This is a quick dish that can be scaled down to a few or make a lot for a crowd! Donâ€™t be afraid of making clams,Â I will walk you through the selection of clams and preparation. This is the time to try them, you will have control over the quality as opposed to eating them out at a restaurant. See â€œChatty Adviceâ€ below before purchasing your clams and preparing the dish.
3 tablespoons of butter
1 minced garlic clove or 1 cube of Dorot brand garlic
2 cups of white wine
15 little or middle neck clams
6 slices of precooked bacon crumbled
In a small pan melt butter and sautÃ© garlic over low heat. Set aside. In a medium size pot, on medium high heat, add the white wine and the clams and cover. Watch closely because the wine may bubble up and you will need to reduce the heat. Cook until all clams are opened. Pour clams into a strainer and cover with a cup of ice to help them quickly cool. Remove the clams from shell, and set aside. Twist the shells to create two individual shells and discard one shell. The one that remains will be your serving dish for the appetizer. Rinse shells to make sure no shell or residue is stuck in the dish. Place the best of the 15 shells on a cookie sheet. Add the clams, and evenly spread the bacon over all 15 clams. Drizzle each clam shell with garlic butter mixture.Â Place on the middle rack of an oven and broil on high until bubbling. Usually less then 5 minutes. Serve immediately.
TryÂ Martin Ray Chardonnay (Russian River Valley), Hahn Estates Chardonnay (California) or Rodney Strong Chardonnay (California).
Clams must be kept alive until they are cooked. So do not suffocate them in a plastic bag or drown them by soaking them in water. As soon as coming home from the grocery store, empty the bag of clams into your sink. Thoroughly but quickly rinse all of the clams. Then let them drain, put into an uncovered baking dish and refrigerate until ready to cook them. When rinsing the clams, any with cracked shells should be discarded. If you find any that will not close when handled, discard them as well, because they are dead. They will open to breathe but once touched or are moved around they should close. If in doubt smell them. They will probably have a bad odor if they are dead. When clams are cooked they should open. If some clams did not open after cooking them, discard them. However, if half did not open they may not have been cooked long enough. Keep in mind that clams take about a minute or two longer to cook than mussels.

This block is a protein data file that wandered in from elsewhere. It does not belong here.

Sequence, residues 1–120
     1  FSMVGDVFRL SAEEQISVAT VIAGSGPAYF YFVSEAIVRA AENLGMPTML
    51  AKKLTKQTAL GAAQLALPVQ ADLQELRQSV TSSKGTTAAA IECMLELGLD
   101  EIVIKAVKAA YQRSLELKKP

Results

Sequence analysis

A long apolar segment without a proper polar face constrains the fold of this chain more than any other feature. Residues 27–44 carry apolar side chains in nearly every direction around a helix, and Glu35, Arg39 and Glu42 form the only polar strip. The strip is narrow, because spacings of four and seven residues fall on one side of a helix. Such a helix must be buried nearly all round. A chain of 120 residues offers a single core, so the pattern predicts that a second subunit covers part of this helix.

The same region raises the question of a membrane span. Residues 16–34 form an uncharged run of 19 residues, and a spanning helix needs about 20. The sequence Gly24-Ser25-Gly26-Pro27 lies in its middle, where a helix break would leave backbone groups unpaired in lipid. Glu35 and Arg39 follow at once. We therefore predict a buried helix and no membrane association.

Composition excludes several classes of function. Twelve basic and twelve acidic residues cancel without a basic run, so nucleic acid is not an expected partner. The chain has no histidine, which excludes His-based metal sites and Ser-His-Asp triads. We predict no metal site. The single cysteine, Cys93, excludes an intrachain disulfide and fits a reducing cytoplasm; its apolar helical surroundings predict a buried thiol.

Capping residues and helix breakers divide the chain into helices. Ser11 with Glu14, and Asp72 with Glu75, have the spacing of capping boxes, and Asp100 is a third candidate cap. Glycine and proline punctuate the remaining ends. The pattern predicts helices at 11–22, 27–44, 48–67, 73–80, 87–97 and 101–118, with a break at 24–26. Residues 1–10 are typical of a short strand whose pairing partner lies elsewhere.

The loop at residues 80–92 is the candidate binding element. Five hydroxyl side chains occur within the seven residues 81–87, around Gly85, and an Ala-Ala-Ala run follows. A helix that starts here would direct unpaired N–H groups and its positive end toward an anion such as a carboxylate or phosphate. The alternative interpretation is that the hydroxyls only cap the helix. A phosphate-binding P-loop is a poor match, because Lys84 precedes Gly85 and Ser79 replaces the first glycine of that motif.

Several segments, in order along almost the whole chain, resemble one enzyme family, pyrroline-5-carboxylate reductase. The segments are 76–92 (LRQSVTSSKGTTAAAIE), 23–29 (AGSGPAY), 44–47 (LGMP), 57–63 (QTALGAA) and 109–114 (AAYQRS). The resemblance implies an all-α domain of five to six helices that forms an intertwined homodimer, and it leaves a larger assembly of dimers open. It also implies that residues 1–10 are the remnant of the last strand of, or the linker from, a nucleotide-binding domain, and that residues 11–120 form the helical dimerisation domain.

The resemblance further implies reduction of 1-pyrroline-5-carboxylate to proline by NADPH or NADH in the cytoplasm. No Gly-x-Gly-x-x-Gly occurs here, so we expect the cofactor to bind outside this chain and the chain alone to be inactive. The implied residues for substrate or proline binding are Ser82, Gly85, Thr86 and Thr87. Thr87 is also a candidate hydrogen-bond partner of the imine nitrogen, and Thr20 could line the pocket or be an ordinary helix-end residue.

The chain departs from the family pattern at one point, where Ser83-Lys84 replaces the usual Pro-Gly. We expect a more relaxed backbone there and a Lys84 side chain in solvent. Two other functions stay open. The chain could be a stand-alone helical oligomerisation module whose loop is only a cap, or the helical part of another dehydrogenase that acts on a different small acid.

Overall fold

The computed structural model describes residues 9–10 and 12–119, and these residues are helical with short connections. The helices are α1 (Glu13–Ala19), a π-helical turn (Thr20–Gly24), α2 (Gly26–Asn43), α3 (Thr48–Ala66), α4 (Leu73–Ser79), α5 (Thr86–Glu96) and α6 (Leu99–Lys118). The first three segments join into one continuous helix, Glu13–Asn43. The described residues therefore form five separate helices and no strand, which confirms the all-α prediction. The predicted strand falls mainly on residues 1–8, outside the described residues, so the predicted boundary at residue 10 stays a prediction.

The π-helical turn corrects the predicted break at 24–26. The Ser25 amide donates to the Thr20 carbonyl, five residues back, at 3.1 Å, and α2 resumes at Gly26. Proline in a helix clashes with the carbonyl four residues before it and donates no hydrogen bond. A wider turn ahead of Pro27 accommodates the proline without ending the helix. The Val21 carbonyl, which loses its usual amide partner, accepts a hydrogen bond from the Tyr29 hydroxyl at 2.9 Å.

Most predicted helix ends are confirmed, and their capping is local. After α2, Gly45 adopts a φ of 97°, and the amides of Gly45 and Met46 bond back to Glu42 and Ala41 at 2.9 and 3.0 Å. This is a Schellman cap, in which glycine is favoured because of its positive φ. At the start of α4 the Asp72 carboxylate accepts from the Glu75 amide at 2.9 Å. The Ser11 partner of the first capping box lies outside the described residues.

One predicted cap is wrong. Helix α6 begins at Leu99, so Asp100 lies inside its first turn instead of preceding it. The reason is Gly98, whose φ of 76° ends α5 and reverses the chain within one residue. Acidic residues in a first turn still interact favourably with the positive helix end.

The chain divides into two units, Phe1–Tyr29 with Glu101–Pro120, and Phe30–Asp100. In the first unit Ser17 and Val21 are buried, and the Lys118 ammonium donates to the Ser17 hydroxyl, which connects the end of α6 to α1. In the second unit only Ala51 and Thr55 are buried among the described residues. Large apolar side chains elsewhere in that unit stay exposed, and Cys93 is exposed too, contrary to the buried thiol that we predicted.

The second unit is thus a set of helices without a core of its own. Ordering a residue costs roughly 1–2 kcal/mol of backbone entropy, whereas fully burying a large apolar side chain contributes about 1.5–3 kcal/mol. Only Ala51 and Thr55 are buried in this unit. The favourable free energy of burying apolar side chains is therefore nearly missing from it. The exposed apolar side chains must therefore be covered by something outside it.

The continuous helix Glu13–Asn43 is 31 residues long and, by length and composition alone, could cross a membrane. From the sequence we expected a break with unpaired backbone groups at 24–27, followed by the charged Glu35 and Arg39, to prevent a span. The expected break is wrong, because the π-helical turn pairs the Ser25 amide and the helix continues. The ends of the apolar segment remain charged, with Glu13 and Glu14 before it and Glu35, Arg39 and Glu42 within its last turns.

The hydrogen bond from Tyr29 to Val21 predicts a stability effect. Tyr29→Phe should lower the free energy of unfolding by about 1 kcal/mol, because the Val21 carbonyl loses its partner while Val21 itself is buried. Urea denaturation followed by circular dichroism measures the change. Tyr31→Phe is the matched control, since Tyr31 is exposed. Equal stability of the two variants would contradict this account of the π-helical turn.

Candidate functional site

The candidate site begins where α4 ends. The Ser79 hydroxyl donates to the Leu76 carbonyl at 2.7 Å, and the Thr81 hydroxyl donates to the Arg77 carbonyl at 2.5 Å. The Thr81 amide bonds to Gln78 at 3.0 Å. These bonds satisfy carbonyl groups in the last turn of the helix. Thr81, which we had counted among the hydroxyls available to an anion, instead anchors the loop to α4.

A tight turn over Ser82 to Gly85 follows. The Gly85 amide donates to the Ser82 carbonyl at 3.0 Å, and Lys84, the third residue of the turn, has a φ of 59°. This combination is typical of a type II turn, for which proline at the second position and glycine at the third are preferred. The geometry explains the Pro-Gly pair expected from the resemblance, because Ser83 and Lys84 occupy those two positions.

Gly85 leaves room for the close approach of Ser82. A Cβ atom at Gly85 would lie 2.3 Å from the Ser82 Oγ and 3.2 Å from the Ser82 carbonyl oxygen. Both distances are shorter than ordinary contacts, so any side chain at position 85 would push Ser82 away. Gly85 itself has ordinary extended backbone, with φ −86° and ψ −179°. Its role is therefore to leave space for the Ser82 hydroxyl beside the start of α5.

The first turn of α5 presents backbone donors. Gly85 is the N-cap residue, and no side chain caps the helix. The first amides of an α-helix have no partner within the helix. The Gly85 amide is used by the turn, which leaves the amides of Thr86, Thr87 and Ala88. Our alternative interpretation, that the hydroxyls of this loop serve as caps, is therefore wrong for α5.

When making any of our gluten-free recipes take care in reading the labels of any packaged or canned products. If there is a label on anything you are using, read it or ask to make sure that it is indeed gluten-free. Many products vary in ingredients from brand to brand. Some examples of this can be found when looking at the labels of soy sauce, mustard, distilled vinegar, and even chicken broth.
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